Fall 2017 Biological Sciences Newsletter

New Research Funding

By Department of Biological Sciences

New research funding, new research equipment, and Summer Undergraduate Research Fellowships.

New Research Funding

Ebenezer Tumban
Ebenezer Tumban

Ebenezer Tumban earned a $457,197 research and development grant from the U.S. Department of Health and Human Services-National Institutes of Health (NIH) for a project titled “Development of a Multi-epitope L2 Bacteriophage VLPs Vaccine to Enhance Protection Against Oral HPV Infections in HIV Patients.” The Tumban lab is engaged in production of vaccines against human papilloma viruses, the causative agents of some human cancers. In this project, he will explore novel strategies to increase immune responses against HPV infections, using platforms such as bacteriophage virus-like particles (VLPs).

Thomas Werner
Thomas Werner

Thomas Werner was awarded a $436,031 research and development grant from the US Department of Health and Human Services–National Institutes of Health (NIH). The project is “The Role of Toolkit Genes in Generating Complex Color Pattern in Drosophila.” Elucidating the pigmentation pathways in a fruit fly species will help understand how cancer-inducing pathways are regulated and how they have evolved.

Xiaoqing Tang
Xiaoqing Tang

Xiaoqing Tang received a $421,652 grant from the US Department of Health and Human Services-National Institutes of Health (NIH) for a three-year research project entitled “Role of miR-483 in Pancreatic Alpha and Beta Cells.” MicroRNAs are small non-coding RNAs that negatively regulate expression of target genes. Dr. Tang will explore the roles of one type of microRNA in the production of pancreatic alpha and beta cells. She also received a $75,000 research contract from the US Highbush Blueberry Council for the project “Blueberry Protects Pancreatic BetaCells.” Blueberries are known to provide some protection against diabetes. The Tang lab will explore the protective effects of blueberries on the health of insulin-producing pancreatic beta cells.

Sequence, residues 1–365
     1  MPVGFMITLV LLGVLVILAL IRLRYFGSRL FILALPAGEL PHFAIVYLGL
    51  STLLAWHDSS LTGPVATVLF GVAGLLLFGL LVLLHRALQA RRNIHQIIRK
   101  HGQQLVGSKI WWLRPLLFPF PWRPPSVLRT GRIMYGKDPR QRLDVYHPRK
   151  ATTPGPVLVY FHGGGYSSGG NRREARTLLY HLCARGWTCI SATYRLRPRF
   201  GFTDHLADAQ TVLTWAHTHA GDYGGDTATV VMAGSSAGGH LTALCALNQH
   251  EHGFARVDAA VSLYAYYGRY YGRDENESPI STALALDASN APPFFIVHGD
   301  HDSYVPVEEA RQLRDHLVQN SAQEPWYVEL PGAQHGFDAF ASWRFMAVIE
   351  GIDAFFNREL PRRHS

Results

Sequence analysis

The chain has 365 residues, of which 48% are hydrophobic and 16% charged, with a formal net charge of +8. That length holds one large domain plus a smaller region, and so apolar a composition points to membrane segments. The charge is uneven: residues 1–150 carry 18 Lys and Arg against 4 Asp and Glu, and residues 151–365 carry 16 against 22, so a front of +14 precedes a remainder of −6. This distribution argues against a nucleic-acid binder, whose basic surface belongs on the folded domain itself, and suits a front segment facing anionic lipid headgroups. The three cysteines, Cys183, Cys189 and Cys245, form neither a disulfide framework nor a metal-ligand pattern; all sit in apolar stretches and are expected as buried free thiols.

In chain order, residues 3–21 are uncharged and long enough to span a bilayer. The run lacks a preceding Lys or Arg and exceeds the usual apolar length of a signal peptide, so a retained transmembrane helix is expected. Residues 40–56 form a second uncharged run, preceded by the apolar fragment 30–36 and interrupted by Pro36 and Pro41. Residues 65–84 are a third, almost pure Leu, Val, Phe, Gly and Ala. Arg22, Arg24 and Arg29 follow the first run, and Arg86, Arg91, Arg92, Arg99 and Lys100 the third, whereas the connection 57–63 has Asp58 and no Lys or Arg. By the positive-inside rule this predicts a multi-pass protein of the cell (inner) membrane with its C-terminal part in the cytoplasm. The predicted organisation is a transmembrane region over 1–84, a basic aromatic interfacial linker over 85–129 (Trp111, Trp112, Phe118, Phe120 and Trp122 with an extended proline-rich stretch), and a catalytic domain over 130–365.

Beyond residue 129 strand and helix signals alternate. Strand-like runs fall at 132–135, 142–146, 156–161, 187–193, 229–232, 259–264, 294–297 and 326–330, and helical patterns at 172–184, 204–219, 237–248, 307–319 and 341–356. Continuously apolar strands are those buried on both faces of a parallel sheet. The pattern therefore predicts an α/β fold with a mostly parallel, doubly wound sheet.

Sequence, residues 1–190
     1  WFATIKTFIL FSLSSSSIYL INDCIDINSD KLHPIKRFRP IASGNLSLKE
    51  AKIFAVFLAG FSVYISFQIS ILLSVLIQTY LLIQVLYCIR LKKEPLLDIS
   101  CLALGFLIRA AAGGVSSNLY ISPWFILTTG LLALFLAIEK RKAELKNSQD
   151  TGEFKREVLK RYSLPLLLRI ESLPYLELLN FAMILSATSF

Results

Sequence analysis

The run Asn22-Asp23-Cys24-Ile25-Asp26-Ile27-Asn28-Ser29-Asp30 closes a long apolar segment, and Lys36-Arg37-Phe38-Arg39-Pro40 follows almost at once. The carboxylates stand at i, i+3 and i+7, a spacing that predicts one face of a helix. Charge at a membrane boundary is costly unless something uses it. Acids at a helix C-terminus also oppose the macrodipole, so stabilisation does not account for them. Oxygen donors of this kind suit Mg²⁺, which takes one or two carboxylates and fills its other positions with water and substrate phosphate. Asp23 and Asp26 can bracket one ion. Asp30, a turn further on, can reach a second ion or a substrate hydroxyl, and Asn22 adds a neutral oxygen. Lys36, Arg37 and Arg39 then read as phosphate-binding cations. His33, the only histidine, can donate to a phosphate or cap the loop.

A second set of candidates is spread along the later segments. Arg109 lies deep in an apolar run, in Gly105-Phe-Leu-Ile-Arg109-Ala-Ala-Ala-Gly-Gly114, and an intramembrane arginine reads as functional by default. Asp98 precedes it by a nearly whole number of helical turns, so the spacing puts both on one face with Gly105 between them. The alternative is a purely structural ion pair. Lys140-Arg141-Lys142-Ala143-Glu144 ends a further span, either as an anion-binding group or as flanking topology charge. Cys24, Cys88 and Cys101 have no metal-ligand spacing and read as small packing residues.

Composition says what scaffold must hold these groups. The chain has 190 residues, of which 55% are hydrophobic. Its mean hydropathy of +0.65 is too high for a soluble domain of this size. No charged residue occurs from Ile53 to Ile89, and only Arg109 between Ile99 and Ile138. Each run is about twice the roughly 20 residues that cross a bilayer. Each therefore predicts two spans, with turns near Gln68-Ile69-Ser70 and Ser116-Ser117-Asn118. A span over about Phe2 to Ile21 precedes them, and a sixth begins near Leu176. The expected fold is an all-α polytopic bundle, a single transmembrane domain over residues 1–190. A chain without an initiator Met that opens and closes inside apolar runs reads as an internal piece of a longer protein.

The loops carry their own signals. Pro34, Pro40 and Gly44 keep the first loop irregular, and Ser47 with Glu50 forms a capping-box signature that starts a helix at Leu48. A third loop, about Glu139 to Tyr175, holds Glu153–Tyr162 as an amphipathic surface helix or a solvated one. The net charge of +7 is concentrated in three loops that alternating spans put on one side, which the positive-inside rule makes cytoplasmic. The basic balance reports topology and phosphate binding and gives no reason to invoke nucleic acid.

Robert Stottlemyer, head of the North Watershed Studies research group, has received $85,001 in a research and development agreement with the US Department of Interior—US Fish and Wildlife Service. The two-year project is titled “Climate Altered Terrestrial Carbon and Nutrient Flux to the Aquatic Foodweb from Increased Depth of Soil Ice Thaw, Selawik and Fish Rivers, Selawik National Wildlife Refuge, Alaska.” 

Stephen Techtmann won a Defense Advanced Research Projects Agency (DARPA) Young Faculty Award to study microbial biosignatures that identify what waters they traverse. He received an $883,735 grant from the US Department of the Interior for his project, entitled “Bilge Water Microbiomes as Biosignatures of Maritime Provenance.” The overall goal of this project is to find a better way of monitoring maritime movement of ships using microbiological and genomic methods for studying microbes growing in bilge water.

New Research Equipment

Whole Slide Scanner

With the help of C2E2 funding and contributions from many other departments and researchers, Xiaoqing Tang recently purchased a $56,000 whole slide scanner from Leica Microsystems. This automated microscope will provide digital archiving and quantitative analysis of histological, immunohistochemical and immunofluorescence staining of tissue sections and tissue microarrays. It will be used for analyzing physiological and pathological images from various organisms including animals, plants, and microbes. Use of this equipment will broadly benefit the entire campus.

Dedicated Bioinformatics Computer and Server

Stephen Techtmann has procured a new server/computer specifically for projects in bioinformatics. It is currently used for genome assembly and annotation of microbial genomes. Genome assembly is the process of stitching short DNA reads into longer stretches of DNA, and hopefully into large chromosomes. Annotation is assigning functional categories to predicted genes in the assembled genomes. This machine will allow researchers to process large sequencing data files that are too complex for a personal computer to manage.

Michigan Technological University is a public research university, home to more than 7,000 students from 60 countries around the world. Founded in 1885, the University offers more than 120 undergraduate and graduate degree programs in science and technology, engineering, forestry, business and economics, health professions, humanities, mathematics, and social sciences. Our beautiful campus in Michigan’s Upper Peninsula overlooks the Keweenaw Waterway and is just a few miles from Lake Superior.


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